Our beautiful daughter Emily was born August 9th, 2008 with a rare condition known as Proximal Femoral Focal Deficiency. Because we are fortunate to have so many caring family and friends, I figured this would be the easiest way to keep everyone in the loop.
Now, my experience with blogs is minimal. My cousin Sarah has a blog and it is creative, well-written and always allows you to walk away feeling pretty good about life. I aspire to head in that direction as opposed to the majority of sites penned by ham-fisted, narcissistic d-----bags. I also aspire to limit my use of the word d-----bag. I make no promises.
My point is, I want this to be about her. I will therefore try NOT to be pessimistic, skeptical, self-absorbed, opinionated, uninformed...um...long-winded...unfunny...you get the idea. Shut up.
Let's get to it. Remember the point of this? Emily. PFFD. Right.
To those of us without a strong medical background, PFFD is a completely random condition where a child's femur (or thighbone...I'm not dumbing it down anymore. I can't. I won't!) stops growing or fails to grow at all while in Mom's tummy.
Shortly after Ems popped out, we were told it looked like her right leg was shorter than the left, which was probably the result of hip dysplasia and not a big deal. When the doctor sat down in front of us two hours later, it was clearly a big deal.
The next 48 hours were a bit of a whirlwind emotionally as we got to know our new baby while trying to stay out from under the cloud hanging over us. Our already fragile state was not helped by a visit to the orthopedist who, in telling us we needed more information before any decisions would be made, said that amputation and prosthetics would be a possibility.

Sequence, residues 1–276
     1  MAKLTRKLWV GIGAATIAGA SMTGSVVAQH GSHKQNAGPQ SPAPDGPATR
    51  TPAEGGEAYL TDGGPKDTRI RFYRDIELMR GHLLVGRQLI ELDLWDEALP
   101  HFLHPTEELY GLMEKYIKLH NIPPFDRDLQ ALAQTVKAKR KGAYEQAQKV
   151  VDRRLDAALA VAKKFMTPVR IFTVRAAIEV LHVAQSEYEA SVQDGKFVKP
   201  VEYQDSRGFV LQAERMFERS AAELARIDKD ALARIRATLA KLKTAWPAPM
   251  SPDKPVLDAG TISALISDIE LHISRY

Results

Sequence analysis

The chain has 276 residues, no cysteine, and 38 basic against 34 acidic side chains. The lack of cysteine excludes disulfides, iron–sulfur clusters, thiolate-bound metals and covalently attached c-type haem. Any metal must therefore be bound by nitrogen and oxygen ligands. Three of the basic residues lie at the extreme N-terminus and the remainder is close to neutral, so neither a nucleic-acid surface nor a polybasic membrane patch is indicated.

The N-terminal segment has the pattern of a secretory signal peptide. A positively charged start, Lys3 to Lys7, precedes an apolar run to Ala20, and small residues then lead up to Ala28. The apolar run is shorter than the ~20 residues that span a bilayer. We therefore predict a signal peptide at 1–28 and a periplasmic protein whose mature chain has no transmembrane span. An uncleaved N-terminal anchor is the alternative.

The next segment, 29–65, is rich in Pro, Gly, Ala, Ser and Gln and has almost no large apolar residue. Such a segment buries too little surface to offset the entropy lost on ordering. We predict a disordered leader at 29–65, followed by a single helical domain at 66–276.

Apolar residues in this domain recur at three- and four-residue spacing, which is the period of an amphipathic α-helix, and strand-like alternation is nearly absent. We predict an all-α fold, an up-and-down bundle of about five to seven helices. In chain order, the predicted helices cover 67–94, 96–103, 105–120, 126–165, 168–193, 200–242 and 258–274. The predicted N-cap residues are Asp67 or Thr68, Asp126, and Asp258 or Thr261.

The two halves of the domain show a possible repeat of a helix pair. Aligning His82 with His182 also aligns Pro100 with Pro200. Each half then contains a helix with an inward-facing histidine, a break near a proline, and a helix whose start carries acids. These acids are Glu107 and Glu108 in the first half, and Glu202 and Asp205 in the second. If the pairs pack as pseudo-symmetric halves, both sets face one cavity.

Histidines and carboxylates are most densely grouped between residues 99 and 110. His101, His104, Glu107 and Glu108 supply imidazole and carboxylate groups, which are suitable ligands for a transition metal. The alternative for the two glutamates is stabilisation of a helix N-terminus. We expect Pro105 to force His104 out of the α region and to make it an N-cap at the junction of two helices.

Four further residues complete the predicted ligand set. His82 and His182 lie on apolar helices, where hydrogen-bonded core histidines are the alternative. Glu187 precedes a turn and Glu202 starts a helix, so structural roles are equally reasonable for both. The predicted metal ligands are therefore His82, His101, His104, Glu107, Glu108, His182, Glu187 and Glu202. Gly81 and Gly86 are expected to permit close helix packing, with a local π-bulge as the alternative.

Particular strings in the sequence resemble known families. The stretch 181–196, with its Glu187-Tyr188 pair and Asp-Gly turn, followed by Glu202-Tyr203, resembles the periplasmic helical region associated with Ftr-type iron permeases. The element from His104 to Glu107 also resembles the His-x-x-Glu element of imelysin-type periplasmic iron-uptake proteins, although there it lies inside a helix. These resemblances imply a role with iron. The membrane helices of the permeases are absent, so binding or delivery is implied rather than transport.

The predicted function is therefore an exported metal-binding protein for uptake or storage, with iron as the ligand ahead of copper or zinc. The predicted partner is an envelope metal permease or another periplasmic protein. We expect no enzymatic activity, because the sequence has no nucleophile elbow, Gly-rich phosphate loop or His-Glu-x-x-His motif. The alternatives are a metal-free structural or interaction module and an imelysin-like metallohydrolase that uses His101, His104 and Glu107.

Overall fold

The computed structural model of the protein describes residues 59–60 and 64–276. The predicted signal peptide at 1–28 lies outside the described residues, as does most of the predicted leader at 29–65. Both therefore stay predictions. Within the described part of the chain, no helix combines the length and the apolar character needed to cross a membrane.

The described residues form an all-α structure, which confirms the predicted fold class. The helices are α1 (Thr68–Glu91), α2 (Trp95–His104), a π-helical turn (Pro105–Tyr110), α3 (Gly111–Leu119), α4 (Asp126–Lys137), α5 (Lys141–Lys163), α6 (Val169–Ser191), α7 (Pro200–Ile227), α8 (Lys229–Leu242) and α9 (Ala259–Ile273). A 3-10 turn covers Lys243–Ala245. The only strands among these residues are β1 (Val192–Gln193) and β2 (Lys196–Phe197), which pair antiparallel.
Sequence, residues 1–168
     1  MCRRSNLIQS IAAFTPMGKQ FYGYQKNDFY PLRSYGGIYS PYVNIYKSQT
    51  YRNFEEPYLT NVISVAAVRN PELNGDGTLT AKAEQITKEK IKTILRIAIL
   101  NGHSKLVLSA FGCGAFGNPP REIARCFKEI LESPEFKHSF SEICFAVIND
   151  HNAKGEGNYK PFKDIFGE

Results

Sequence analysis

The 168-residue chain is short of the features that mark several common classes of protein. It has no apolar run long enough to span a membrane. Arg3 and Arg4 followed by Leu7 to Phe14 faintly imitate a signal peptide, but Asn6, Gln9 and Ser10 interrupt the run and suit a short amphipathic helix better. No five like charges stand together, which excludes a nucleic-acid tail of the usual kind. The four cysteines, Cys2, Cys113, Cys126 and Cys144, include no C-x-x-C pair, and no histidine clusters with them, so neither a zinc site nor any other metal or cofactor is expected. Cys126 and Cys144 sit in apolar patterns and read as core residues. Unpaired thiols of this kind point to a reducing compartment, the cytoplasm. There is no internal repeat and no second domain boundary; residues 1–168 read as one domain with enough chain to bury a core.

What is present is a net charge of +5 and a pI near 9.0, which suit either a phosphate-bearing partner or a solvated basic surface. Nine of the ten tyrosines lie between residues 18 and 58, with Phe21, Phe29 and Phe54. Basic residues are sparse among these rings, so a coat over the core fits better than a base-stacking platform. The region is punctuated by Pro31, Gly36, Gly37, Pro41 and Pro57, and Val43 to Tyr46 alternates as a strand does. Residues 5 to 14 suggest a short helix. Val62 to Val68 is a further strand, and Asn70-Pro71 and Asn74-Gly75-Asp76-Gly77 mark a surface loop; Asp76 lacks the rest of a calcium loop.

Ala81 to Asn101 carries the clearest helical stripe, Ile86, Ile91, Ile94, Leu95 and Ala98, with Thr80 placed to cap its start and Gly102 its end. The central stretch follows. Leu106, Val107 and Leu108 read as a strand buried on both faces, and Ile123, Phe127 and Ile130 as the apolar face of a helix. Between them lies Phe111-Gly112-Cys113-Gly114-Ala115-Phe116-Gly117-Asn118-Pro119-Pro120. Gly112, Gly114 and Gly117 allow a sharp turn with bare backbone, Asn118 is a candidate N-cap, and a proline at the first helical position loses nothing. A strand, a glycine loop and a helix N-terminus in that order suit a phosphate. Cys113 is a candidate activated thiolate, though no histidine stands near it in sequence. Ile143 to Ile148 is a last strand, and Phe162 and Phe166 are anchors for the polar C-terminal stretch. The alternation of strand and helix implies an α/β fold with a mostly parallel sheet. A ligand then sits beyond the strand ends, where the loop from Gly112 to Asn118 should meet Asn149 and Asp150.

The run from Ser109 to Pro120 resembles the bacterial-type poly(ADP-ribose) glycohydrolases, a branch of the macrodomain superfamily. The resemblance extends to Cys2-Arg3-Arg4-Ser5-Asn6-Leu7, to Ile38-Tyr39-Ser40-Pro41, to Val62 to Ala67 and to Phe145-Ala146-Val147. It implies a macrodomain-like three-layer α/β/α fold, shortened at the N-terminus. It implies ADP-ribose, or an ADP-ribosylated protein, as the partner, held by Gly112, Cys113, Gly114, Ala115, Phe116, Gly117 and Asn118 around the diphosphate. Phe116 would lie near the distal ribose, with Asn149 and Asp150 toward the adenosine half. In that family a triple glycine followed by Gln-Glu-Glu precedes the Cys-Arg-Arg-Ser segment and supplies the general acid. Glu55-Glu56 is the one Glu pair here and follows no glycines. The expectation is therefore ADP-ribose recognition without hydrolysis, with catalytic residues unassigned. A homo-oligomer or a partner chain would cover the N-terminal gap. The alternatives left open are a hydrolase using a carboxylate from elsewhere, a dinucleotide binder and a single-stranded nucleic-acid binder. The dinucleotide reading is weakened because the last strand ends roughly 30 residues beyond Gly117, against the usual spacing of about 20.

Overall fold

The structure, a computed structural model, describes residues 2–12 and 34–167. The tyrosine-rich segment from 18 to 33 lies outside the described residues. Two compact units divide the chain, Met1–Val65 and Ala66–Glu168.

Fast forward to Friday, September 5th. An ultrasound was done on Emily's leg and our doctor tells us that it looks like we'll have a number of options. Her hip joint is looking good and, if things develop, we may be able to surgically lengthen her femur.
Naturally, there are pros and cons to this. The downside (of course I would list that first...get used to it.) would be that this process involves a number of painful surgeries followed by extensive rehab. The upside...two good legs.
Our worst case scenario would be that her femur does not develop anymore and her hip joint takes a turn for the worse and this bionic leg lengthening process fails to be a possibility anymore. Should that occur, we would have to amputate her foot, construct a working hip and fuse her tibia, fibula, knee and femur to create one solid thighbone. Picture a regular leg with an amputation just below the knee.
Here's the thing. Either of these scenarios make it possible for Ems to jump on a trampoline, go to the waterpark, play sports...pretty much do whatever it is she wants. She may never be able to jump all that high off her right leg, but, if she was going to take after her pops, that wasn't going to happen anyway.
I won't go biblical and begin quoting Psalm 23 to you, but Kate and I are well aware that this will not be an easy road. There will be difficult decisions. There will be struggles. But we are surrounded by the best people. I can't imagine going through this without our family and friends. Emily will always feel loved and smart and beautiful and strong. And that is because of each and every one of you.
Her next appointment is December 5th. Until then, we are going to enjoy each moment. Cuz this is one awesome kid.